“Cleantech is a core focus of our economic development efforts in the 21st century, and the Rocky Mountain region is seeing an abundance of entrepreneurs who are developing new and better technologies that make us a national cleantech leader,” said Richard Franklin, Rocky Mountain regional director of the Cleantech Open. “I salute the semifinalist winners today for their vision and commitment to building long-term economic growth and the success of a sustainable economy.”

Regional semi-finalist SmrtEn applies advances in cloud computing and Artificial Intelligence to address the energy challenge by offering Decision as a Service. Their debut service remotely programs home thermostats on a continual basis to save homeowners up to 50 percent of their heating and cooling costs. By aggregating the data to smooth the peak-demand for electricity, SmrtEn can also help utility companies reduce their Carbon Dioxide emissions by as much as 27 percent.

“Participating in the CleanTech open was an eye-opening experience. I realized that it was not good enough to have a great idea that would save the planet” said Som Shahapurkar, founder and CEO of SmrtEn. “I learned that my Pitch needed revamping, my business plan needed work and my financial projections could use more substance. I learned that programs like the Cleantech Open and the Edson program can help me get through these issues and advance SmrtEn to do what I originally intended for he business: to save energy and make sure the planet remains a beautiful place for the next generation to make something incredible”.

reNature Inc., also a regional semi-finalist, is working to close the nutrient loop. reNature's process seeks to keep food scraps and compostable waste out of landfills. The by-products of food scraps and compostable waste are natural fertilizers and polymers that have a lower disposal costs for organizations and municipalities and can reduced environmental liability.

“We are eager to participate in the 2012 Cleantech Open,” said David A. Metoyer, CEO of reNature Inc. “Being a semi-finalist in the Cleantech Open will provide us with key industry insight on how to deliver a marketable product backed by a business model that investors can get excited about."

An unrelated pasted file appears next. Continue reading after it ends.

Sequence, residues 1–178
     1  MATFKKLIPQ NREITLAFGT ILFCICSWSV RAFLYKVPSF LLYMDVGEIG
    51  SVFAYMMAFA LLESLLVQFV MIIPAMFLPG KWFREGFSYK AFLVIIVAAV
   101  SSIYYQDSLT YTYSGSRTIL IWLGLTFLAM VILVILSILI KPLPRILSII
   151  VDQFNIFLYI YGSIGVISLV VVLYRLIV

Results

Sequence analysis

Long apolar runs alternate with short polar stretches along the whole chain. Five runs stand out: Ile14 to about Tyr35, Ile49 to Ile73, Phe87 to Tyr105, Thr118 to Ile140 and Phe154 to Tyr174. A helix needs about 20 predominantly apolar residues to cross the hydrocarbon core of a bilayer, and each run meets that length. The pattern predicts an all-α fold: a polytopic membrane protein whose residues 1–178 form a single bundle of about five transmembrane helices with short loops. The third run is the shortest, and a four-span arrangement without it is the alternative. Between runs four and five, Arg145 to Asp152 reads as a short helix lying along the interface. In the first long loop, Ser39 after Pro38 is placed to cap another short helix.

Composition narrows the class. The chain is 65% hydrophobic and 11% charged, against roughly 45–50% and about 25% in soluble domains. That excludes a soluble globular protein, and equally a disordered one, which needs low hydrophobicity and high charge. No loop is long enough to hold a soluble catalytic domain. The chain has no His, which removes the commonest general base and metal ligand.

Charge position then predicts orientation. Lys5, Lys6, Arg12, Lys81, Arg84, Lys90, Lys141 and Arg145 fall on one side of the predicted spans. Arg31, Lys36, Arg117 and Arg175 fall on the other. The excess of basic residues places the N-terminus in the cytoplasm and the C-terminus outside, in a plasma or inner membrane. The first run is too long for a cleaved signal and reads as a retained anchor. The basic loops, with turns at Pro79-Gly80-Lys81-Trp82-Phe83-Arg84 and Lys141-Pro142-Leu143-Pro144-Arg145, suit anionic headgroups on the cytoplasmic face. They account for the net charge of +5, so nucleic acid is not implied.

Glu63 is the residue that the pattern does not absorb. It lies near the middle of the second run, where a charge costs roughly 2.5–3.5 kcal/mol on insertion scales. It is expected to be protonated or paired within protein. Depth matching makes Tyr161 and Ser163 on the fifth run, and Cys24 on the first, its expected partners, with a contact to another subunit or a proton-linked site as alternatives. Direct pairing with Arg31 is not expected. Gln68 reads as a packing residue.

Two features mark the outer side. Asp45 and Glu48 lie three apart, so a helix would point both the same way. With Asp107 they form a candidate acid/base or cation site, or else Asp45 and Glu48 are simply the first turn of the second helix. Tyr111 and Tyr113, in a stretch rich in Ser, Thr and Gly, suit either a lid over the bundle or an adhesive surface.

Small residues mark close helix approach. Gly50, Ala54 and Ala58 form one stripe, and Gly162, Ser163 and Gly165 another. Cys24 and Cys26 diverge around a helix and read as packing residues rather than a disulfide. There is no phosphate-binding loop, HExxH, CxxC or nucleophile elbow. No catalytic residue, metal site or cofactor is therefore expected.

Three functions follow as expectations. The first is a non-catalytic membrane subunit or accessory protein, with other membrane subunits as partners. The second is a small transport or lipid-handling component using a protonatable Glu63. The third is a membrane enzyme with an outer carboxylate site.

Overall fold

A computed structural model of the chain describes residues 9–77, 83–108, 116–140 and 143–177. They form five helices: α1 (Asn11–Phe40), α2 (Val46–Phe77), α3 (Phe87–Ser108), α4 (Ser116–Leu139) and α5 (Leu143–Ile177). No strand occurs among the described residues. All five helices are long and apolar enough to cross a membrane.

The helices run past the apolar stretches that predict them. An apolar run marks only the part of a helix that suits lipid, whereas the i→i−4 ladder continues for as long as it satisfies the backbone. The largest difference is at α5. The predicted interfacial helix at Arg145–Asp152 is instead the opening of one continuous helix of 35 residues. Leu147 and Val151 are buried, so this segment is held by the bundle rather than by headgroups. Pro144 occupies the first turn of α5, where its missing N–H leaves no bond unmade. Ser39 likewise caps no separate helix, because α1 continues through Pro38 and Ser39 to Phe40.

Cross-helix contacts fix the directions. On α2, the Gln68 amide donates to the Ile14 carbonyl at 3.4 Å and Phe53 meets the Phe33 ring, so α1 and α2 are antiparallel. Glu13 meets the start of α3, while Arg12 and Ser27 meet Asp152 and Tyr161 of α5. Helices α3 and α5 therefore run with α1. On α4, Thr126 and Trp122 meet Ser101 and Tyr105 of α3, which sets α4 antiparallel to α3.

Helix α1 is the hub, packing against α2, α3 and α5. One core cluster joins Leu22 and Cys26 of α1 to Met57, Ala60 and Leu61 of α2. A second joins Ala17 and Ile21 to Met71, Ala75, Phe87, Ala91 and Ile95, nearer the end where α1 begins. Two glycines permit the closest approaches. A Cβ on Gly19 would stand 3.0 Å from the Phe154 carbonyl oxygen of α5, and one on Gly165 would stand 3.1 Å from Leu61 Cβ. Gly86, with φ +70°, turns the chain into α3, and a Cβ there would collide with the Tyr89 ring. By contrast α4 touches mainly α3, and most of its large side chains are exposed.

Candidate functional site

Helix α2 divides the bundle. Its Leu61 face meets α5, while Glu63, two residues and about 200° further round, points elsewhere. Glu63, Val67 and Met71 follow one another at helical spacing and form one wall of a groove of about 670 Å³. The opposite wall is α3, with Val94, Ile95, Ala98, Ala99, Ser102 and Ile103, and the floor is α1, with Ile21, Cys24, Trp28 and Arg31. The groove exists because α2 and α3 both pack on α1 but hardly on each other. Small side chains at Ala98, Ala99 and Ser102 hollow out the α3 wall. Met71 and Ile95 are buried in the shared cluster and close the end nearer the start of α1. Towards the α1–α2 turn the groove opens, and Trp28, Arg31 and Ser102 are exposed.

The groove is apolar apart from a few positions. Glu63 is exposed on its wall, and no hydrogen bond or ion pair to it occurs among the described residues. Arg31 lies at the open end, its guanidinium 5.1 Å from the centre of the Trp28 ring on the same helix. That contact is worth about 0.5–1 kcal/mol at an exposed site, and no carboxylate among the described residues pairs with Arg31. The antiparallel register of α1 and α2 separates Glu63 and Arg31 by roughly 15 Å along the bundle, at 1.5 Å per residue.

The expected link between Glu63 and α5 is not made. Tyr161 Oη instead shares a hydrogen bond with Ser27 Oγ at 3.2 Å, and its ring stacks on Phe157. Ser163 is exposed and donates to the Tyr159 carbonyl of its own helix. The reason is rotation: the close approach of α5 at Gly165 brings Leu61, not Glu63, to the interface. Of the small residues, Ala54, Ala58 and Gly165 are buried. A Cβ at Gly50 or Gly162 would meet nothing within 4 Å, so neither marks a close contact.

reNature and SmrtEn are both student let startups that are currently enrolled in the Edson Student Entrepreneurship Initiative at ASU. The Edson program, which provides seed funding, office space and mentor-led business assistance, is a signature initiative within ASU’s Venture Catalyst. ASU Venture Catalyst is the ASU unit that works with high-potential startup companies, both inside and outside the university. The Edson Initiative and ASU Venture Catalyst are both strategic units of ASU’s Office of Knowledge Enterprise Development.

“The Cleantech Open has undoubtedly been a fantastic opportunity for our clean tech startups within the Edson program to obtain additional seed funding, mentorship, and support,” said Brent Sebold, venture manager for the Edson Program. “We are very proud that our Edson companies have done so well in this competition and are excited to see the level of cleantech innovations coming out of the southwestern states.”

“ASU has a deep pool of talented innovators who are experimenting with commercializing solar, biomass, and other forward-thinking clean technologies” said Gordon McConnell, associate vice president of Innovation and Entrepreneurship with ASU Venture Catalyst.  “Many of these ventures are born within ASU’s Global Institute of Sustainability and other clean tech research labs across all four campuses.  ASU aims to continue to excel in the clean tech sector within the coming years and with the significant jump in the percentage of ASU and Arizona applications to the Cleantech Open this year, I’d say we’re well on our way!”